by Mel Valentin
If itís August, then the blockbusters of summer have come and gone. In their place, movie studios have turned to male-oriented comedies, from "Step Brothers" a few weeks ago, to "Pineapple Express" and "Tropic Thunder" and now "The Rocker," a comedy centered on a failed drummer who gets a second chance at fame just as he hits forty. Directed by Peter Cattaneo ("Opal Dream," "Lucky Break," "The Full Monty") from Maya Forbes and Wallace Wolodarskyís ("The Larry Sanders Show") screenplay (with story credit to Ryan Jaffe, his first), "The Rocker," a sweet-natured, family-oriented PG-13 rated comedy, is a welcome antidote to the R-rated comedies and their gross-out gags that have dominated the last month of the summer.The Rocker opens on Robert 'Fish' Fishman (Rainn Wilson), the drummer for an Ď80s hair metal band, Vesuvius, that includes lead singer Lex (Will Arnett) and two band mates, Kerr (Fred Armisen) and Trash (Bradley Cooper). When the rep for an A&R company likes what he sees in Vesuvius, he offers to sign them to a potentially lucrative deal, but only if they get rid of Fish. It takes them all of two minutes before they decide to dump Fish for a new drummer. Twenty years later, Fish is stuck in a dead-end job as a customer sales rep, stuck in a going nowhere relationship with Carol (Jane Krakowski), and still bitter over his close call with fame, fortune, and women twenty years earlier. After an at-work freak out, Fish is jobless. Minutes later, Carol dumps him. With no place to go, Fish ends up moving in with his sister, Lisa (Jane Lynch), her husband, Stan (Jeff Garlin), and their son, Matt (Josh Gad).
"Man-child in the promised land of milk, honey, and rock'n'roll."
The shy, awkward, overweight Matt plays keyboards for A.D.D., a band headed by Curtis (Teddy Geiger), a soulful singer-songwriter-guitarist and their mutual friend, Amelia (Emma Stone), on bass. A.D.D. is due to play at the Senior Prom just two days away. After their drummer gets grounded, Matt suggests Fish join them for a one-night gig. Fish ruins the bandís performance, but convinces Curtis to give him a chance. If, after recording a demo, Fish canít get A.D.D., then heís out of the band for good. Due a fortuitous stroke of luck involving YouTube, A.D.D. gains the attention of an A&R rep, David Marshall (Jason Sudeikis), who offers to sponsor a tour for the band, along with recording time in the studio. Along the way, A.D.D. gains a chaperone in Kim (Christina Applegate), Curtisí very single mother and a gig opening for Vesuvius.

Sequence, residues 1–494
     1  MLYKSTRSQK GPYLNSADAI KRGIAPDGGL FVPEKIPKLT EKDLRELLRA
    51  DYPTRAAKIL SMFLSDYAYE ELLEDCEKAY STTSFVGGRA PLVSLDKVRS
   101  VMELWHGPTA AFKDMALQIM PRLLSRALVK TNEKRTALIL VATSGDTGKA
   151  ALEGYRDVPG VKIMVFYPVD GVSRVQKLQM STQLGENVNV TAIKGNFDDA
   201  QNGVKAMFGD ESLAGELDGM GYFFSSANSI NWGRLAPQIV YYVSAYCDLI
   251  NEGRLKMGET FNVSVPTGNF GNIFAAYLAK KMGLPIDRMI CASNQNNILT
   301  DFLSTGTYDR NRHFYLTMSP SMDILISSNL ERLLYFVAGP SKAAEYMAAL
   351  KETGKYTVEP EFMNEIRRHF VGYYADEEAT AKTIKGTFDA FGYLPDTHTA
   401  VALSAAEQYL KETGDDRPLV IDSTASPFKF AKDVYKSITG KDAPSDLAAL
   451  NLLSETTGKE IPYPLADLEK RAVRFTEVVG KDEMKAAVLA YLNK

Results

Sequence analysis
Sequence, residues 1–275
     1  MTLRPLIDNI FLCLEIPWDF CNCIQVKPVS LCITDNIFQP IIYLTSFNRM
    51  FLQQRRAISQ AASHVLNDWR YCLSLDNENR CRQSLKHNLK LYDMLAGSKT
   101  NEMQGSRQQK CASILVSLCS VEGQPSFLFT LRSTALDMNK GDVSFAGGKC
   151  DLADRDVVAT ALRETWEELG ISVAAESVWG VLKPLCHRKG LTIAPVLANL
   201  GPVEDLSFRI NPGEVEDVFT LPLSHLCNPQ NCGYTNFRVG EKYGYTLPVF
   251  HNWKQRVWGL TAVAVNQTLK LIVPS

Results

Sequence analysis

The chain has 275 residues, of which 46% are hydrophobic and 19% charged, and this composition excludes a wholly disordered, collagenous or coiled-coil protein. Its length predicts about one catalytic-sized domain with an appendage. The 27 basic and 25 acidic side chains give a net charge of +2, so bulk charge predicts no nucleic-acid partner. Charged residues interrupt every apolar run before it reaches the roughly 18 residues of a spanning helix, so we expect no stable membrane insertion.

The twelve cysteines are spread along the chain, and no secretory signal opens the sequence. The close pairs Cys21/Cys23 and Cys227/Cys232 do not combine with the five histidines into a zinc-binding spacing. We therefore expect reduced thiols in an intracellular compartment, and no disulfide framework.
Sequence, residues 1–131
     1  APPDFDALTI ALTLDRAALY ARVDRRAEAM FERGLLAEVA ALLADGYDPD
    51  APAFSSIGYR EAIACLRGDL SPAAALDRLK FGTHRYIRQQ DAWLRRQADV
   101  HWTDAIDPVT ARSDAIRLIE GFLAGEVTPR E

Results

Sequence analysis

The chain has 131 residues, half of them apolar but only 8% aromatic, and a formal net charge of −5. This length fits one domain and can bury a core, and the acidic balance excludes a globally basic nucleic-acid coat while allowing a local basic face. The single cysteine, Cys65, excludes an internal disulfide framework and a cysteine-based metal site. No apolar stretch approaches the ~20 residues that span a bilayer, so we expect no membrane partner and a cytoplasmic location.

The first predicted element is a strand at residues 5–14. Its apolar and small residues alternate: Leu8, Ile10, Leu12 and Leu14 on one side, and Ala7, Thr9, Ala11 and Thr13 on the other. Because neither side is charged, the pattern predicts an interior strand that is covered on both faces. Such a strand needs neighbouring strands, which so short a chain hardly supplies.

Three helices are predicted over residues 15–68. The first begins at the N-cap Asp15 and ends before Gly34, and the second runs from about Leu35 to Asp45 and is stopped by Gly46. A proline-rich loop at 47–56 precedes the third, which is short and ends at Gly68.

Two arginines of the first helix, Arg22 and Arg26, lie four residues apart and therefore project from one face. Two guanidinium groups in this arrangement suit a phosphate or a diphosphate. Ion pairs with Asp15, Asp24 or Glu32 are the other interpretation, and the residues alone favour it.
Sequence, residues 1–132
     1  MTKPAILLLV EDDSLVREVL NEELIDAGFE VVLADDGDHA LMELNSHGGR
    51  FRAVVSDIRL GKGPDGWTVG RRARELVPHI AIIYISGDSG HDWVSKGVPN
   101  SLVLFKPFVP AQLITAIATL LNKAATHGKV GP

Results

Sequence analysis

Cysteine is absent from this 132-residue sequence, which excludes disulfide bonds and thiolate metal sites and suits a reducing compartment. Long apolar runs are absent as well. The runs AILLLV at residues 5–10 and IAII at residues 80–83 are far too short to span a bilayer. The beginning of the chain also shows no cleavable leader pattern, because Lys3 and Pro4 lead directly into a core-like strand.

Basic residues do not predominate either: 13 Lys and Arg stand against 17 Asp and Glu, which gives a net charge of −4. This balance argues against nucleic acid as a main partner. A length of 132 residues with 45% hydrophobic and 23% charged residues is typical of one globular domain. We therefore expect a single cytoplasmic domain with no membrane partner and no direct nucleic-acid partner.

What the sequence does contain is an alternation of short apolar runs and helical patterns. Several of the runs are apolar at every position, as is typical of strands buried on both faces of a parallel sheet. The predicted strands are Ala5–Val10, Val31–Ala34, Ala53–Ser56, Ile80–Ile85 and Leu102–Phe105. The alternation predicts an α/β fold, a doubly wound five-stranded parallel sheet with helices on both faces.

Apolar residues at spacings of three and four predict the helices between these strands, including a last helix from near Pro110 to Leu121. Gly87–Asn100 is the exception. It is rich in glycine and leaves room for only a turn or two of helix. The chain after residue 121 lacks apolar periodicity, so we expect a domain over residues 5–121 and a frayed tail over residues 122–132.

While The Rocker wonít win any awards for plausibility (much of it is implausible, some of it improbable, but little of it impossible), itís consistently funny, even occasionally hilarious, without resorting to juvenile gross-out gags (with a cringe-inducing exception involving Fish, a hot basement apartment, and his drum kit and another involving bodily fluids). Most of the humor in The Rocker is either verbal or physical (as in slapstick), but it rarely goes dumb for humorís sake. Fish may lack self-awareness and maturity (heís a man-child in the promised land of rock when he gets his second chance), but heís rarely, if ever, dumb. Thatís refreshing enough as it is, but The Rocker works as well as it does because it never succumbs to easy or cheap sentimentality. Even Fishís character arc, predictable on the surface, doesnít feel contrived or manipulative. Instead, it feels earned (a rarity in comedy)."The Rocker" wouldnít succeed, however, without an engaging cast and that Cattaneo has from the top-down, from Rainn Wilsonís Will Farrell-like turn as Fish to surprisingly convincing turns from Josh Gad, Emma Stone, and Teddy Geiger (who performs the bandís songs). While Vesuviusí songs are spot-on hair metal imitations, the songs written by the fictional Curtis for A.D.D. are just as good, if not better, facsimiles of alterna-pop ballads written and performed by a twenty-something musical artist working through painful emotional and psychological issues. Ultimately, Cattaneo and his screenwriters deserve credit for mixing several, potentially dissonant comedy sub-genres, all the while pacing "The Rocker" with hummable, purchase-worthy tracks.
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originally posted: 08/20/08 18:13:03